Thursday, December 13, 2018

Rosemerry Wahtola Trommer


Two hundred ninety million.
That’s how many dollars Monsanto
was ordered to pay the dying man
when the company failed to warn him
about how the poison they made
to kill weeds would also kill him.
Two hundred ninety million.
That’s how many miles
the Voyager 2 moves away
from the earth every year. And though
it was made to do so—to travel
past our sun’s magnetic field—who
could blame it for moving away
from this dying planet at
thirty-four thousand one hundred ninety-one
miles per hour. If that number were dollars
today, it would be equivalent to eight thousand dollars
in 1977 when the Voyager 2 was launched.
And eight thousand, that’s how many sacred
elephants there were on the banks
of the Six Tusker Lake in the Himalaya,
elephants who flew in the air, and sages say
the Buddha himself was once born as son
to the chief of these eight thousand elephants.
Yes, sacred and magical things happen here
on the earth, despite the greed,
despite the poison. I was seven
when the Voyager 2 left, and since then
it’s traveled eighteen and a half billion miles.
If those miles were pounds,
that would equal more than a million
large African elephants, though in all of Africa,
there are only four hundred fifteen thousand
elephants left, down from five million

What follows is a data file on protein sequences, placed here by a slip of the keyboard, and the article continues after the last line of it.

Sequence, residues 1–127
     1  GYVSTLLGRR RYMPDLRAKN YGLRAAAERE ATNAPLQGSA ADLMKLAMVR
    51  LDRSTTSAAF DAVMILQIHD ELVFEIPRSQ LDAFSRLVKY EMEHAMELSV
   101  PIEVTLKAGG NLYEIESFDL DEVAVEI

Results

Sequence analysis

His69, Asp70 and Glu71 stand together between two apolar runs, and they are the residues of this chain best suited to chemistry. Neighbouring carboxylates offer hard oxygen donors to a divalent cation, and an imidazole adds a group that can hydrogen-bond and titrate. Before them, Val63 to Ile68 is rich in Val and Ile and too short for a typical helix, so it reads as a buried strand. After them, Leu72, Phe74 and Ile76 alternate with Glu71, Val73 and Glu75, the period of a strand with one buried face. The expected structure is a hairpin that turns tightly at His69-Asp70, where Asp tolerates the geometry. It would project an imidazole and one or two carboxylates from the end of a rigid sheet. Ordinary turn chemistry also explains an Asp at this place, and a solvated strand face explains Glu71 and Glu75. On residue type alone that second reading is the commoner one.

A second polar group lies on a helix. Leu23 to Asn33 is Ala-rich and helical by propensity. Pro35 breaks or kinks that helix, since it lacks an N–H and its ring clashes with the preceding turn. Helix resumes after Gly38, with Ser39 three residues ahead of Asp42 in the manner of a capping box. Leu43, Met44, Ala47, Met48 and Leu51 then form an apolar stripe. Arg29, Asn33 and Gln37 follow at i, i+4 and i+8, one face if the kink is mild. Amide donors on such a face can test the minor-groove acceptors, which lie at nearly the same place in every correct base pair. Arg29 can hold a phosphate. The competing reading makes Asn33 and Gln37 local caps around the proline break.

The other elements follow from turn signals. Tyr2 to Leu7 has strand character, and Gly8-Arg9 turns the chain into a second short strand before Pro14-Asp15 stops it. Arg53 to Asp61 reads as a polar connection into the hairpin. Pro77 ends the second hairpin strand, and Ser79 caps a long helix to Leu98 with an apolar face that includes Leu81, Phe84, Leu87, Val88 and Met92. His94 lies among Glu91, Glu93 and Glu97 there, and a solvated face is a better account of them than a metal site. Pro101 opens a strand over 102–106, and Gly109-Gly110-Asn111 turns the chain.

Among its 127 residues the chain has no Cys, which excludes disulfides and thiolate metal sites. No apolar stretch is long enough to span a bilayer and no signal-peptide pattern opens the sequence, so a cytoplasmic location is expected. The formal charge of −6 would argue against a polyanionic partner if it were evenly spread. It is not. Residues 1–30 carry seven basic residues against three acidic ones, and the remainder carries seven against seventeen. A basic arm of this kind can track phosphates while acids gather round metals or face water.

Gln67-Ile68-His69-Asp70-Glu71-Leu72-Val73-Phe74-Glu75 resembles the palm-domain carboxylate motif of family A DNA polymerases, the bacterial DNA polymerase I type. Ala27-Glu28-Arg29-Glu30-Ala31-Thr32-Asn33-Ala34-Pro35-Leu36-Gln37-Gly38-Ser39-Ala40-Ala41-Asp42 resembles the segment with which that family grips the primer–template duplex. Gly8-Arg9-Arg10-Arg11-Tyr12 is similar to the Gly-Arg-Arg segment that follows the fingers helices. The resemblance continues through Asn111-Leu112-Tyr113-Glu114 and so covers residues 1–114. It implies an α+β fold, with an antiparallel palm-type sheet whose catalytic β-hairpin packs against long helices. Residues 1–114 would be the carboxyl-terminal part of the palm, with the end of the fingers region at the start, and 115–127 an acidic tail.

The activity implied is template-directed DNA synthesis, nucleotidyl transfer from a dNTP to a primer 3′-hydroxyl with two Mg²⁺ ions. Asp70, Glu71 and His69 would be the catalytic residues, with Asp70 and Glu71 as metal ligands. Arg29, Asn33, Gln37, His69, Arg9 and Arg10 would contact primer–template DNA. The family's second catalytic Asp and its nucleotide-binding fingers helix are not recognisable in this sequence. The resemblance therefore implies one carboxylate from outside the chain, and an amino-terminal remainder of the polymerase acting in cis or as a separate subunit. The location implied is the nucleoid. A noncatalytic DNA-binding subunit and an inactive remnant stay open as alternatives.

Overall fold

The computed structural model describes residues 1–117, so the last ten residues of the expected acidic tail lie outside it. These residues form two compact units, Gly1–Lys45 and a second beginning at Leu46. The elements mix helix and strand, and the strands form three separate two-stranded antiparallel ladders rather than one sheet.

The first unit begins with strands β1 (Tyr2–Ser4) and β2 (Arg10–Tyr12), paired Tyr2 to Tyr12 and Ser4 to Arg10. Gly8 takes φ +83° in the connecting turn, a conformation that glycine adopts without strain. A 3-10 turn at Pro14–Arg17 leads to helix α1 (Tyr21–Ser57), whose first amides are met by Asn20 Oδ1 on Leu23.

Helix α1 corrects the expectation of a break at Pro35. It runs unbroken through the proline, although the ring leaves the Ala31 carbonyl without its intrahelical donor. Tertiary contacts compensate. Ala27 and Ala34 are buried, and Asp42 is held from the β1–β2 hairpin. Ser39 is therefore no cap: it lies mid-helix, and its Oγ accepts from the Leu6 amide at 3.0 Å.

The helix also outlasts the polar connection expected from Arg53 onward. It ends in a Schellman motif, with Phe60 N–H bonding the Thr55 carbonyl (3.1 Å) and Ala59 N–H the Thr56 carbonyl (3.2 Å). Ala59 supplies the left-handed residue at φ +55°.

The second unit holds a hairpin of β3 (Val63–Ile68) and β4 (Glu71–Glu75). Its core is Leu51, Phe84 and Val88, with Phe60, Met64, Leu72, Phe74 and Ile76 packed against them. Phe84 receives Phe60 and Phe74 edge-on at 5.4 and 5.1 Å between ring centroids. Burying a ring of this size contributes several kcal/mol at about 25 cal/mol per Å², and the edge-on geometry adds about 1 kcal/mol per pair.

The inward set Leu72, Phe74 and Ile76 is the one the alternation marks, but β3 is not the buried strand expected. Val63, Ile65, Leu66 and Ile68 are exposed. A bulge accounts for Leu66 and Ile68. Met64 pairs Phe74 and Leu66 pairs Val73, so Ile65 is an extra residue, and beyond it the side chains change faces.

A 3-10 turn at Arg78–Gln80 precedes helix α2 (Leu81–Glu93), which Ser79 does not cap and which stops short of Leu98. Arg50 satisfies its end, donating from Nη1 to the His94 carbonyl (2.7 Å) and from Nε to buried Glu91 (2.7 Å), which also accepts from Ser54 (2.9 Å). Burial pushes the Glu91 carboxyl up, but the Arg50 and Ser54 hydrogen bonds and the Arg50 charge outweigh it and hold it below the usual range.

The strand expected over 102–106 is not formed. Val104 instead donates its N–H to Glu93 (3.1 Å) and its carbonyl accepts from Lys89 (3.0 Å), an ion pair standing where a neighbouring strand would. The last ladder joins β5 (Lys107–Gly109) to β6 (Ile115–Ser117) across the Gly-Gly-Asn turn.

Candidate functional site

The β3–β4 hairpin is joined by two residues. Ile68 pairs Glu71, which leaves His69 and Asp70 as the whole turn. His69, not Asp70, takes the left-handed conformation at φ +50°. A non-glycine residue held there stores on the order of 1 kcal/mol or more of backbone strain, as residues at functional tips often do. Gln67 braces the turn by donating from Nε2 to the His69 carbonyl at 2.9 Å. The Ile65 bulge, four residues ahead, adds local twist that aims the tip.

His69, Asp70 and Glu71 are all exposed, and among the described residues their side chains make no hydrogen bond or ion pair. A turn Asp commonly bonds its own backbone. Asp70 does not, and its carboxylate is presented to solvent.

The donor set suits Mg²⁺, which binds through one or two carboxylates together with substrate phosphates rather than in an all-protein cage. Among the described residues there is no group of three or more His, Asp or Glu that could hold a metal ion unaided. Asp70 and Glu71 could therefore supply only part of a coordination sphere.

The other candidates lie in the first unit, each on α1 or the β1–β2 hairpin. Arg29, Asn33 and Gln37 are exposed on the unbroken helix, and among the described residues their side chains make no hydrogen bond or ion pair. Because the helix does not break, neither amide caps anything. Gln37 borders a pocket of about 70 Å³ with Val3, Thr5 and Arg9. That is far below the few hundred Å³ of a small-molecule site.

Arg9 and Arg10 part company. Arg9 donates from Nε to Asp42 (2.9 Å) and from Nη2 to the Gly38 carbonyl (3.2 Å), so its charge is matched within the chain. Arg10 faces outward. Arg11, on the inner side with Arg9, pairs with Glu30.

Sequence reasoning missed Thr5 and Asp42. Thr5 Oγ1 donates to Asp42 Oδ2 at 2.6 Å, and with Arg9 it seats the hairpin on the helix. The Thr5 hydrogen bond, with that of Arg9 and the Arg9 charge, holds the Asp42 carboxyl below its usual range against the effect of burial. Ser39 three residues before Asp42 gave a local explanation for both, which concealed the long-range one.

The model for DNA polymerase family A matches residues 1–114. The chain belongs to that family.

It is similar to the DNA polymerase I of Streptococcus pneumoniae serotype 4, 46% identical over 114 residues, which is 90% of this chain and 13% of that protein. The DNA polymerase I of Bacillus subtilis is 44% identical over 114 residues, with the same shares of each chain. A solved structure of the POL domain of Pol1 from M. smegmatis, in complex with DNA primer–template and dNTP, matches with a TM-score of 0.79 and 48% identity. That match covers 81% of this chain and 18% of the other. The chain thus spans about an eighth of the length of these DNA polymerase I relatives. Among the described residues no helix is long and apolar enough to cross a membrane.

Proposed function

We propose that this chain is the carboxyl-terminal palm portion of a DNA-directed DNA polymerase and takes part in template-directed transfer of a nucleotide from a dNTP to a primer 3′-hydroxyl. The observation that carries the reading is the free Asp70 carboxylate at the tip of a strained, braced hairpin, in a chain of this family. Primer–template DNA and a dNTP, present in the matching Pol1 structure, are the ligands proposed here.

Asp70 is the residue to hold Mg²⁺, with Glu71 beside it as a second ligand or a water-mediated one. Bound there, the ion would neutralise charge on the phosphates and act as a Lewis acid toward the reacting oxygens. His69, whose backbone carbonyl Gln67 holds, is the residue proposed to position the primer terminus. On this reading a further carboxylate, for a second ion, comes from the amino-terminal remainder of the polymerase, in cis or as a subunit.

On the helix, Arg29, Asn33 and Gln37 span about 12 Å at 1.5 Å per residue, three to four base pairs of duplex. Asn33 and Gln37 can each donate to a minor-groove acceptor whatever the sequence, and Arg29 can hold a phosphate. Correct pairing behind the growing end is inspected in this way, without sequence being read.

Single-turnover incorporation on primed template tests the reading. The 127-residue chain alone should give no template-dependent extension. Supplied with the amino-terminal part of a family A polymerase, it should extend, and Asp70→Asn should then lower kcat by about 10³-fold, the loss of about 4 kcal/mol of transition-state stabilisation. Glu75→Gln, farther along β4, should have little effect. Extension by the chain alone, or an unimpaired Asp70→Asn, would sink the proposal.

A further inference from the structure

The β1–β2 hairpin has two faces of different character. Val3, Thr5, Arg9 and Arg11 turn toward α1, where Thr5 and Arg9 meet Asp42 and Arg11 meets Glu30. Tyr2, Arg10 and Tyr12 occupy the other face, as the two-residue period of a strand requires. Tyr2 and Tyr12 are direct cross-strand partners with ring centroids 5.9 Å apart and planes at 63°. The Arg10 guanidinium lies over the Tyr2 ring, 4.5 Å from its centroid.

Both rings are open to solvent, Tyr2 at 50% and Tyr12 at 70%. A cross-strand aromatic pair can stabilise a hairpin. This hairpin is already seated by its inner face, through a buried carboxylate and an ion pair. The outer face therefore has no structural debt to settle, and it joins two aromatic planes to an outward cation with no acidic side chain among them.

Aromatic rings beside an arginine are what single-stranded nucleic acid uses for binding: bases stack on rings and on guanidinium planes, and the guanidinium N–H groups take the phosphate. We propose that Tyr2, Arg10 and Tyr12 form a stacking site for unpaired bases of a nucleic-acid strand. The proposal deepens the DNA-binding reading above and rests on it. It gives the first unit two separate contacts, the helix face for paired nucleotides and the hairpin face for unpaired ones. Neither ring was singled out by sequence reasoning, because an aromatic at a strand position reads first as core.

just a hundred years ago. What I am saying
is that as the Voyager 2 enters interstellar space
things are strange here on Earth, and we seem
hellbent on our own destruction, but I
am so grateful to be here, still. Even as
the Voyager 2 hurtles beyond the heliosphere,
I find myself still falling in love
with the twenty-seven thousand three hundred seventy-five
days I have to live,
and the earth’s twelve thousand
species of grass, and the five thousand stars
visible to the naked eye and the two hundred six
bones in the body, all of them working to help
us run toward beauty, yes, grateful
for two hands to hold one beloved face
and, amidst all this enormity, the absolute absence
of sufficient words to say how holy, how incalculable is love,
and how marvelous, really, to stare up
into the familiar night sky and imagine
all boundaries we’re just beginning to cross.


Ms. Moon said...

Hope. Thank you.

am said...

"... how holy, how incalculable is love ..."

Thank you for posting this poem today!